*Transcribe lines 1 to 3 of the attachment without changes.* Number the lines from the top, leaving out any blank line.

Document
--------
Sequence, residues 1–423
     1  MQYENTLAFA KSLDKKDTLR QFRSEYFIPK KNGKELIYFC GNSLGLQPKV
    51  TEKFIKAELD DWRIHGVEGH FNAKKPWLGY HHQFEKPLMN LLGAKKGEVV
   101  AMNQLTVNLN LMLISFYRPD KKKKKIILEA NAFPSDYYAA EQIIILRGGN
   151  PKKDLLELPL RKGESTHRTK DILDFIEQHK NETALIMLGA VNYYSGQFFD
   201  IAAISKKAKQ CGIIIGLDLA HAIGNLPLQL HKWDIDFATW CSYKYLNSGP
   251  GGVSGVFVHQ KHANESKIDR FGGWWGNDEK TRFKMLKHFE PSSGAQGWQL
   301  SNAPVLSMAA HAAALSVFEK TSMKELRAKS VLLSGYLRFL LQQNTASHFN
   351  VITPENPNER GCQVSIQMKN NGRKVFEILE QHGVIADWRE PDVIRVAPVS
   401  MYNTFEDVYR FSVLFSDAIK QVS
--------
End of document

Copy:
Sequence, residues 1–423
     1  MQYENTLAFA KSLDKKDTLR QFRSEYFIPK KNGKELIYFC GNSLGLQPKV
    51  TEKFIKAELD DWRIHGVEGH FNAKKPWLGY HHQFEKPLMN LLGAKKGEVV